I gave a talk at the 54th Annual Conference on Operational Research last week in Edinburgh. Operational Research is "using advanced analytical methods to help make better decisions" [wiki]. This field has been around long before data science and business intelligence. After listening to so many talks and talking to so many academics from marketing to finance to industrial engineering, I find that what we do are quite similar on a 30 thousand feet level -- using data to solve problems. Yet, there is a fundamental difference to our approaches. Whereas operational research is about constructing analytical theories; data science is about constructing models.
One of the talks that I recall is from a phd from Dubai about optimising maintenance scheduling in desalination plants. Desalination plants is big business in the Middle East as they provide a major source of fresh water there. However, components in these plants fail often because of the harsh condition that they work in and that servicing some of these components might need to bring the entire plant down for hours. The presenter proceeded to explain their method of using a Poisson process on the failure data to optimise maintenance work.
Now if it were me, I would add tons of sensors everywhere to enhance the frequency and granularity of data captured. Similar to what we do at work for web data. Then the problem practical solve itself as we'll be able to build predictive models for each and every crucial component. Using on-going data with these predictive models, we can flag high risk components and service them before they cause trouble.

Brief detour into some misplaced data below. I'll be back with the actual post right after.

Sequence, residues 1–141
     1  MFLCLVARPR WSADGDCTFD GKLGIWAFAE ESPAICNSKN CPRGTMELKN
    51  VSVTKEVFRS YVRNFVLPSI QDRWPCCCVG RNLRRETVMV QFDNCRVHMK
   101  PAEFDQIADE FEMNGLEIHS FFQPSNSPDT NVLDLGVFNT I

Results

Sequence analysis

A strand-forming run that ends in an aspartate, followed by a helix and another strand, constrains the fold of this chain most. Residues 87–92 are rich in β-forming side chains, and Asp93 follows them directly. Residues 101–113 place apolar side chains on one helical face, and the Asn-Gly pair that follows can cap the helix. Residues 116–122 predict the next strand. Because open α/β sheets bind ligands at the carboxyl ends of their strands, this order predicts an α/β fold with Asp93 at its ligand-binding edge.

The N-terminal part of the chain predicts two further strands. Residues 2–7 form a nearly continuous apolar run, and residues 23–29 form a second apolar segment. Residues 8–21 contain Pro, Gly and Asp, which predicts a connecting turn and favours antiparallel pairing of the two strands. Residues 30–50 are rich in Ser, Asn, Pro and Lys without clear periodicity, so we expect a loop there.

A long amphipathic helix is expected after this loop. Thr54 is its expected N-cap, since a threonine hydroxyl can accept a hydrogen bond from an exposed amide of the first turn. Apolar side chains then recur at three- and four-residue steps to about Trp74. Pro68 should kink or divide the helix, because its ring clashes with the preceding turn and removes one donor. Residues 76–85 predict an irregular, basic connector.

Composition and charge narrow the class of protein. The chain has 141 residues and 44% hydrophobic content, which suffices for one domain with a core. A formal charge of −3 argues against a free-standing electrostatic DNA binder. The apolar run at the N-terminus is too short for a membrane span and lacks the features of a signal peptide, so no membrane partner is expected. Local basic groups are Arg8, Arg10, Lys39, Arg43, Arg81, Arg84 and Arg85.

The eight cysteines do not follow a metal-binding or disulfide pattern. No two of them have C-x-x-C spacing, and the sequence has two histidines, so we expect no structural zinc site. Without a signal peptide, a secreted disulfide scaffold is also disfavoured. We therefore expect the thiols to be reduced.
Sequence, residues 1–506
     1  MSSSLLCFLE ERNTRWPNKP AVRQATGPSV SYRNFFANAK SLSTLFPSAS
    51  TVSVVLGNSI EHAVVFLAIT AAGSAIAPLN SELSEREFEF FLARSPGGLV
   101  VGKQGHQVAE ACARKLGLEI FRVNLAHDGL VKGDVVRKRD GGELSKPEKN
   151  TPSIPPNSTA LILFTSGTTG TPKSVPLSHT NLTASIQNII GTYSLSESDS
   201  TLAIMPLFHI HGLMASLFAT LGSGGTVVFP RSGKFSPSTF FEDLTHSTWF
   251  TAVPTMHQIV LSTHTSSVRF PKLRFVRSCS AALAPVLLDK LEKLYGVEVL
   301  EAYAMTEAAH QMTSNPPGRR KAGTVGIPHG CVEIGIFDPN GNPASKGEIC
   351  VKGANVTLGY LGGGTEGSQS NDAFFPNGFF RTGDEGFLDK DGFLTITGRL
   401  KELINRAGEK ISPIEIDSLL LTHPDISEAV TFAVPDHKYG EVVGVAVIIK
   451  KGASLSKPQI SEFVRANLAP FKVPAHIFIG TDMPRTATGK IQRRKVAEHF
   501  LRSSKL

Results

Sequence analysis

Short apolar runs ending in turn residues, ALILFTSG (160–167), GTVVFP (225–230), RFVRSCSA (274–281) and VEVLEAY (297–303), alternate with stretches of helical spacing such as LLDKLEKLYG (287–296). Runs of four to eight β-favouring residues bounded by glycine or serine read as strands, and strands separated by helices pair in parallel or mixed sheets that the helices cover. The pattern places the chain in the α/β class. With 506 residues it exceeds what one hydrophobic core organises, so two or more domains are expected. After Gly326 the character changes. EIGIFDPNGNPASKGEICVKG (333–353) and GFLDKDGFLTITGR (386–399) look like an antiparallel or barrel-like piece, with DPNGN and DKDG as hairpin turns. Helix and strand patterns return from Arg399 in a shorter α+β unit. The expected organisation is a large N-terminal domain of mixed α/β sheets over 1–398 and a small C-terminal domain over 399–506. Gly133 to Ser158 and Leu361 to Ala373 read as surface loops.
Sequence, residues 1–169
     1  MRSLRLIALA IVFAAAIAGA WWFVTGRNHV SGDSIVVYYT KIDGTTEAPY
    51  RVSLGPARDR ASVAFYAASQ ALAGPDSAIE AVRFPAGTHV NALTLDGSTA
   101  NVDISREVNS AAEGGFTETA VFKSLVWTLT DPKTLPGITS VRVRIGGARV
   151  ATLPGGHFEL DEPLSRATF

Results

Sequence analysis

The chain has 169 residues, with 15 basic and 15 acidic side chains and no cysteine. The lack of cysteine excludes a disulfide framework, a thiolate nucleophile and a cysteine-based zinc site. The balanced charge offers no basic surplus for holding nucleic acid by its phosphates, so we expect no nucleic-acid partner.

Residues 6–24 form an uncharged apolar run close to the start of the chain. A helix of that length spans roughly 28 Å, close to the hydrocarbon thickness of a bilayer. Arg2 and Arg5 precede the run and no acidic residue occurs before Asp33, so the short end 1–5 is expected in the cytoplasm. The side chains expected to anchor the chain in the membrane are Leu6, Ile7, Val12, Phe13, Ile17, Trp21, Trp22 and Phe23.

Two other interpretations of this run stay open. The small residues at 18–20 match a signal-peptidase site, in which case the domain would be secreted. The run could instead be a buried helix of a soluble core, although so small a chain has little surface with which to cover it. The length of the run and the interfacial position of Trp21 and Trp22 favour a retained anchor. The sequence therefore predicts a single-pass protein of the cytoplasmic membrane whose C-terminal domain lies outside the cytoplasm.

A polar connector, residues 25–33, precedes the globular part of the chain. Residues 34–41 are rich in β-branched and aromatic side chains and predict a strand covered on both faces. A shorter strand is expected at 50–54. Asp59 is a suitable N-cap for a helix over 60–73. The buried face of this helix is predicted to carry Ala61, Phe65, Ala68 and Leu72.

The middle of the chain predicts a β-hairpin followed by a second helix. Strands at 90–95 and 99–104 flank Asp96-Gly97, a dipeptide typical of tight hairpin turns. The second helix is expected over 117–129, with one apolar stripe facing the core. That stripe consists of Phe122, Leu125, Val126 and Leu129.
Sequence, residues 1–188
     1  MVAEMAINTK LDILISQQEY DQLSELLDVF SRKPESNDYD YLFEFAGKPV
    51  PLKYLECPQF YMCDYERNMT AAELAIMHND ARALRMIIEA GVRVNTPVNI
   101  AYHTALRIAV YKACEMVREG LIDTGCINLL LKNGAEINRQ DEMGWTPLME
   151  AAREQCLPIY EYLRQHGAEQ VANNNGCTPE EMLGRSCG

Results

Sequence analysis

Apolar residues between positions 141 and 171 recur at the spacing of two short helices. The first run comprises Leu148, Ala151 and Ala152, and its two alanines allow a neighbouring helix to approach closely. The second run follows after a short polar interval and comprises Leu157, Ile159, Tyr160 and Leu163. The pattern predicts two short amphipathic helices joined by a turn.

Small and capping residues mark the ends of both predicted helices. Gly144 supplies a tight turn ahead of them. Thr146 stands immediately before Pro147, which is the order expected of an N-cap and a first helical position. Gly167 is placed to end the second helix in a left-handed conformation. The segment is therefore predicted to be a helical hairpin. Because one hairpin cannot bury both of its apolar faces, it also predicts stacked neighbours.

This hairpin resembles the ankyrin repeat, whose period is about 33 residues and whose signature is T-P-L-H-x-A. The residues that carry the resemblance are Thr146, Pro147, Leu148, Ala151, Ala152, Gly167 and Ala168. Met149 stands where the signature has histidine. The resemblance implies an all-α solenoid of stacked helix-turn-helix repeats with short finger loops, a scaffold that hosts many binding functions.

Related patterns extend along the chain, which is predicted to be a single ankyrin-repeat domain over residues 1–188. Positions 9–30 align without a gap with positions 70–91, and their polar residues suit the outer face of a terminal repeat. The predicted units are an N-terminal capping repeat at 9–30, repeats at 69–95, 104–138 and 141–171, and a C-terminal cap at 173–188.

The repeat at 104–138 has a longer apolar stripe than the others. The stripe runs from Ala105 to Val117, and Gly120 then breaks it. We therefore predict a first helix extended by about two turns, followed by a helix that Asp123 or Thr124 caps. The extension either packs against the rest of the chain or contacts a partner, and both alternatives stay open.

The problem is that adding sensors is not trivial (from my electrical engineering days) in a physical system. The high cost of installing all of that and the questionable efficacy of measurements make getting data a challenge. For problems like this, I can see where a traditional scientific thinking of using sparse data to support theories is practical.
Yet, not everything can be reduced to formulas and solved analytically. As this blog piece on Scientific American points out, science is moving towards solving problems computationally. So too are the industries as we've seen examples from Amazon and LinkedIn driving massive sales by modelling and enabling a feedback loop with their data.
It's a shame that so many companies are poisoning the term Big Data these days by plastering it all over their marketing material to sell products with no substance. There are real strategic advantages to be reaped if companies can do it right.